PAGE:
We haved in our “yahoo egroup” a lot of files describing how to wear sarongs in many different ways. It shows the versatility of something as simple as a sarong!
You can see them one by one on: , click on "files" on the left handside menu, and then click on "Sarongs" to open the folder.
Or... you can go to the web page: and see them all in one go!

Also check out the web site :
Which is very detailed on African female headdresses. If you click on “how to...”, at the bottom of the page, you’ll also be shown how to drape a skirt-like (or rather “veshti-like”!) garment that goes with the headdress.


In our last newsletter, I offered for sale some 9 yard saris. Due to the overwhelming demand, I decided to buy some saris in India in September and send them from there. If you are interested, please have a look at this web page:
Please note that requests MUST reach me before Sept. 5th!

I also offered to IDC members who have extra saris for sale to put them on offer. So we now have some beautiful silk saris (6-yard) for sale. They are at very reasonable price (US$30 for most of them).
To view them, look at:
If you have some saris for sale, do not hesitate to let me know at:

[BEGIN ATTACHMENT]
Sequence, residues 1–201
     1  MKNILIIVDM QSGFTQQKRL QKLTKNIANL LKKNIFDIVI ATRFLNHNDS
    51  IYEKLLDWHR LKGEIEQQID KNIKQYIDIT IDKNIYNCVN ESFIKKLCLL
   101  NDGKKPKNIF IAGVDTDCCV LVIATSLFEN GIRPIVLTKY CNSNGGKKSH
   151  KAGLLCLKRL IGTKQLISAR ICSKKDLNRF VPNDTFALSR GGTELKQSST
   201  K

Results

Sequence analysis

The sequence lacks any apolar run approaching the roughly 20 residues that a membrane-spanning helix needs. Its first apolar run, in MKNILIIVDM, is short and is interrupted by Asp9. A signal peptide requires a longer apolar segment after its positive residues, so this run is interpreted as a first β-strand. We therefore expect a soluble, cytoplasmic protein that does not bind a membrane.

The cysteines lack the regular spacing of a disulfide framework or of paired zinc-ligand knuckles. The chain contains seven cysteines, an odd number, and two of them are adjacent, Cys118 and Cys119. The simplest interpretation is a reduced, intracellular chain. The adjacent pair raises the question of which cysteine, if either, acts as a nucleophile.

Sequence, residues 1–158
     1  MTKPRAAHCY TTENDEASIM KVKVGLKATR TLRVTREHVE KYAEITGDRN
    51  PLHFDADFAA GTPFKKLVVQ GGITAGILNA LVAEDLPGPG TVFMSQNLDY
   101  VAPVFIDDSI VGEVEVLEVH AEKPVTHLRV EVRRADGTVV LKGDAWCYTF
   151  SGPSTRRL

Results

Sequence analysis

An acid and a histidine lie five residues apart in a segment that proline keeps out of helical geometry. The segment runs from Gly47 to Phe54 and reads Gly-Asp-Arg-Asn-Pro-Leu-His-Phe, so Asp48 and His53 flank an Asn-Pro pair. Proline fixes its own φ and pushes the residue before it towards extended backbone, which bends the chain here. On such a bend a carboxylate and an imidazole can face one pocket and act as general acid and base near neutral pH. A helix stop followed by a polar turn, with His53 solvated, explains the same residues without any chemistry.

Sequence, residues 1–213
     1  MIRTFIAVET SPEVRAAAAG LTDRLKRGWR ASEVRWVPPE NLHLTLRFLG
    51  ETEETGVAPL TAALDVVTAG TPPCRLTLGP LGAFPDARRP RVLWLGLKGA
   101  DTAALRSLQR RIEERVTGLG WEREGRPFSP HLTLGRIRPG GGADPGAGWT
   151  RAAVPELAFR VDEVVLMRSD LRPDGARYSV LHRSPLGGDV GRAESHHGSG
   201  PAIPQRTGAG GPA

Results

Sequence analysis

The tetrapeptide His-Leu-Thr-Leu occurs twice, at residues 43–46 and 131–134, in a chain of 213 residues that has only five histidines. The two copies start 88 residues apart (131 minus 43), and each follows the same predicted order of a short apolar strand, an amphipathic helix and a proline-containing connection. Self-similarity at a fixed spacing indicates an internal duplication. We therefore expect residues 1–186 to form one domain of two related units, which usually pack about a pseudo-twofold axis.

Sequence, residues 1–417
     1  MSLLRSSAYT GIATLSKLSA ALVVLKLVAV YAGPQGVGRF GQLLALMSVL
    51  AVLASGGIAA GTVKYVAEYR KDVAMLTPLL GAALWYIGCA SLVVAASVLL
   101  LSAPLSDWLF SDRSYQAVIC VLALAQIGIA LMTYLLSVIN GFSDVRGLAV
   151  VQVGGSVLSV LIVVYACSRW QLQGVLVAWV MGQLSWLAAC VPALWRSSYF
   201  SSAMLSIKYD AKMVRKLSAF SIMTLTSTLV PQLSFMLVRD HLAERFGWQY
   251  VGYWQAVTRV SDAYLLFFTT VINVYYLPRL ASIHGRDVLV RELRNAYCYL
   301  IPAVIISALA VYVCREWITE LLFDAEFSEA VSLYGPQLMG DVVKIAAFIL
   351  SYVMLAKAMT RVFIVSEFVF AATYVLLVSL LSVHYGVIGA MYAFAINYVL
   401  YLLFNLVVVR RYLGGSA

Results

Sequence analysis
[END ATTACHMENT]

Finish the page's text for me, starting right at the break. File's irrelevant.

You too can post saris on this web page, and this is free for IDC members.


It is no surprize that many IDC members are part of the Society for Creative Anachronism. After all, draped clothes have been more popular in the past! Two members are even teaching how to drape saris at some events. I also received several emails about ancient saris. Here is one excerpt:
“I bought a short sari (I think it is about 5 yards long) with a heavily brocaded pallav--I think it has real silver thread in it--and was having a problem figuring out how to wear it to my best advantage. I am positive that it will look best using the Fishtail sari, and since I will most likely only wear it at SCA (Society for Creative Anachronism) events, I shouldn't upset anyone who might not approve of me wearing such a drape.”
Jeanne Pool


I had the visit of a family of IDC members from Nevada in August, who were visiting London. It was a pleasure to discuss saris and draped clothes together!
I am going to India in September, until mid-October. This explains why we won’t have a newsletter in October. Happily I received enough contributions to make this a “double-issue” newsletter!
Nevertheless, if you have important news to communicate to our group, please send me an email or send it to the egroup.
Things are happening, but we still need your help! I have had some answers to our campaign of free books for institutions and of course this month there is this very promising symposium at the University of Minnesota. Hopefully this will be the start of a wider acceptance of the art of draped clothes.
I also thank all the contributors to this and past newsletters. Please keep on sending contributions. This gives life to our newsletter!

Thank you for your help and support.

Best wishes!

Please do not hesitate to send any question, suggestion, criticism.
If you have some links to suggest, please let us know!
If you wish to write something for the newsletter, please do so and Email it to <>.

Institute of Draped Clothes